I was struck by Pete’s desire for a second chance.  In Christianity, we call second chances “forgiveness.”  Rose is desperate for it.  As he alludes, it’s a little funny that avowed steroid users like Alex Rodriguez are still making their millions of dollars while Rose, who admits to betting on baseball and on (though never against) the team he played on, is a literal pariah, forbidden to have anything to do with professional baseball.  Even Mark McGwire, poster-boy for steroid use (though he denies it) currently works as a batting instructor for the St. Louis Cardinals.  Can you imagine a more appropriate job for Pete Rose than batting coach for the Cincinnati Reds?  And yet, there he sits, behind a vinyl strap at a Las Vegas shopping mall, glad-handing customers and hoping to sell enough merchandise to pay his handful of employees.


Pete Rose has even taken the first steps that seem to be required for forgiveness: he’s admitted the wrongs he’s done.  He seems, in the film, to be honest, introspective (if a little over-proud of his admittedly amazing accomplishments on the diamond), and forgivable.  It seems sure that if Pete’s asked for it, God has forgiven him…but can baseball do the same?

“If we claim to be without sin, we deceive ourselves and the truth is not in us. If we confess our sins, he is faithful and just and will forgive us our sins and purify us from all unrighteousness” (1 John 1:8-9).

Josh Hamilton and the Comforting Spirit


On May 9th, Texas Rangers outfielder Josh Hamilton was a guest on ESPN's Pardon the Interruption.  The occasion was his record-setting offensive performance the previous evening, going 5-5 with four home runs and a double, a feat never before accomplished in the American League.  Hamilton is not only well-known as a great hitter, however.  A recovering alcoholic and drug addict, Hamilton spent three years out of baseball completely, going in and out of rehab.  Now that he's back, the taunts from opposing fans often concern his substance abuse.  He suffered a brief relapse during this last off-season.  During the interview, Hamilton offered a stirring reason for his fortitude:

Tony Kornheiser:  Do you carry [the potential for relapse] with you every single day?  Does it ever even get into your head when you’re actually playing the game?
Hamilton:  No.  You know, the fans get in my…well, they don’t even get in my head anymore.  But they wear me out…they bring up…I’ll share real quick with y’all: I was in Minnesota…in the outfield.  I moved from center field to left field, and I’m just getting absolutely worn out.  I’ve gotten worn out over the years and just kind of dismissed it, but the Holy Spirit just hits me inside and says, “You know what?  You’re going through, right now, a smidgen, a minute tenth of a percentage of what Christ went through for you.  These are the scoffers.  These are people, out here, who want to take your weaknesses and throw [them] in your face, and tell you you can’t do it, or you’re not worth it, or you’re not good enough.”  And [the Holy Spirit] said, “This is [why] Christ died for you.  And he didn’t have any weaknesses.”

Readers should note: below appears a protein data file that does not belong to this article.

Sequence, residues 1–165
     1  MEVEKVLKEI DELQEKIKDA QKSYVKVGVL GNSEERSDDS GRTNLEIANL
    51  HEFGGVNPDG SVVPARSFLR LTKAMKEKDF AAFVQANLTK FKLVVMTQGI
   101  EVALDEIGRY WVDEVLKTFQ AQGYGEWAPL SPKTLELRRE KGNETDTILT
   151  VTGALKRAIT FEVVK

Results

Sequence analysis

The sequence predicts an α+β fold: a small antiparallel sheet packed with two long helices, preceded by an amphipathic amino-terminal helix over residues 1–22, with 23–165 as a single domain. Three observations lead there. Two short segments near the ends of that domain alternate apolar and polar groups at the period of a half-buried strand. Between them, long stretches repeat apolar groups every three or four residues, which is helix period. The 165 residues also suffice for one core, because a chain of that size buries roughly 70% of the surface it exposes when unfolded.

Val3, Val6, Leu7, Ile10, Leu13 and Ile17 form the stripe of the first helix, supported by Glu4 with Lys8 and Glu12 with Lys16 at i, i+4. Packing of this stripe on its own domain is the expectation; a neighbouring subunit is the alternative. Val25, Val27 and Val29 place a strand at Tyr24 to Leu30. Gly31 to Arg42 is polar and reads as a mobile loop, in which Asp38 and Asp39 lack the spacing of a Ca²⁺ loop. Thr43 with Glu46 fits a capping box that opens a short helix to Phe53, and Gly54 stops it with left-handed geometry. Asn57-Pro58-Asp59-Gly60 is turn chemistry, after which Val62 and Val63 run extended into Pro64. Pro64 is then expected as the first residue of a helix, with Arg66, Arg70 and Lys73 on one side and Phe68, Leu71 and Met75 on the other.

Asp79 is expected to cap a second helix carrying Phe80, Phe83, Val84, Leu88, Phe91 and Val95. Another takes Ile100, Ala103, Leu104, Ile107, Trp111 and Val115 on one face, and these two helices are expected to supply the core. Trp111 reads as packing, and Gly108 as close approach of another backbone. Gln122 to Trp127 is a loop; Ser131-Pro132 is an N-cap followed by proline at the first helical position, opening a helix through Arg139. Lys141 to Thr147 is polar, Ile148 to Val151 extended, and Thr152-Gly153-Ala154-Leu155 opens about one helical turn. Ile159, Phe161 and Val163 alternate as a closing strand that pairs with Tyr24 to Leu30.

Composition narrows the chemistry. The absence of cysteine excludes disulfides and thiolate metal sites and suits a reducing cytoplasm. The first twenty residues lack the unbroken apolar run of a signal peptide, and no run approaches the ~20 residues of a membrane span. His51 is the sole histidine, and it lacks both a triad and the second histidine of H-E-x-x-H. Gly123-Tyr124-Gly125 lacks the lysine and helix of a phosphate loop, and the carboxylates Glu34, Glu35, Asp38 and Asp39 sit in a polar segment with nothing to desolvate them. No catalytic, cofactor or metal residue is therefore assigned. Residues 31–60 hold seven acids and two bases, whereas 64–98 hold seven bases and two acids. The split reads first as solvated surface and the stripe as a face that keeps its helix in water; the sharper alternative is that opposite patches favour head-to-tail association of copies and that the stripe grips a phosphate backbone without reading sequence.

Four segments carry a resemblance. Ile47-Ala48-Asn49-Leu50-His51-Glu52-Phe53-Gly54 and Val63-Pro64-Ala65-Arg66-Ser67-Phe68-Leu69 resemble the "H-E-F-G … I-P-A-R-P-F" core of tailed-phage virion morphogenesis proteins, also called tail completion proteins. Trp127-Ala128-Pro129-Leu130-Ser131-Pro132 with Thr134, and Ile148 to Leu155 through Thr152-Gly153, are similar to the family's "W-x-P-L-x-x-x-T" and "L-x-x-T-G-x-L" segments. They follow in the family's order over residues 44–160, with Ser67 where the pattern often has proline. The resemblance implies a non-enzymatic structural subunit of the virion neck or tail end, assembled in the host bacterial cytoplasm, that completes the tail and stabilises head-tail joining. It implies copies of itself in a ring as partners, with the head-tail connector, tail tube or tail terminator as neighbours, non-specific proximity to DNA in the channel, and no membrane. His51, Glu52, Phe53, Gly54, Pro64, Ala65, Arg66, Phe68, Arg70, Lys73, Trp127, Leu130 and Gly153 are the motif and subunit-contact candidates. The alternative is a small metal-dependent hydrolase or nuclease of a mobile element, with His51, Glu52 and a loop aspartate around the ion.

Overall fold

Hamilton doesn't claim that he no longer has a problem.  He doesn't assert that Christ has healed him, though he no doubt prays for just that.  He acknowledges his weakness, throws himself on the mercy of the one without weakness, and in so doing, finds strength.

Here's the whole interview:

Movie Review: The Avengers


I was worried about this one for a couple of reasons.  First of all, I haven't really been all that into the recent spate of super-hero movies.  My favorite of the genre is probably either The Incredibles or The Rocketeer, both very self-aware films, and your average super-hero movie is a little more self-serious.  Secondly, I'm no Joss Whedon super-fan.  And he's only got super-fans, it seems.  You're either a devotee of Buffy, Dollhouse, Firefly, and Serenity or...well, you're just not.  And I'm just not (I didn't even love The Cabin in the Woods, though I did like it).  I guess it all comes down to whether you like Nathan Fillion or not, right?  Third, The Avengers was primed, by its very nature, to be the overstuffed sequel that doesn't live up to the original (think The Matrix Reloaded, Spider-Man 3, and most chillingly for our purposes, Iron Man 2).  The film casts six movie stars (though only one mega-star in Robert Downey, Jr., reprising his Iron Man performances) in central roles and has to find something for all of them to do.

Perhaps shockingly, then, The Avengers totally worked for me.  While a couple of the quips fall flat, and it stretches believability (I know, I know...) that a spy with two pistols and a gifted archer would be worth having around when The Hulk (Mark Ruffalo), Captain America (Chris Evans), and Thor (Chris Hemsworth) (not to mention the already-mentioned Iron Man) are on your team.  Scarlett Johansson's Black Widow squeezes off only three or four rounds in the whole film.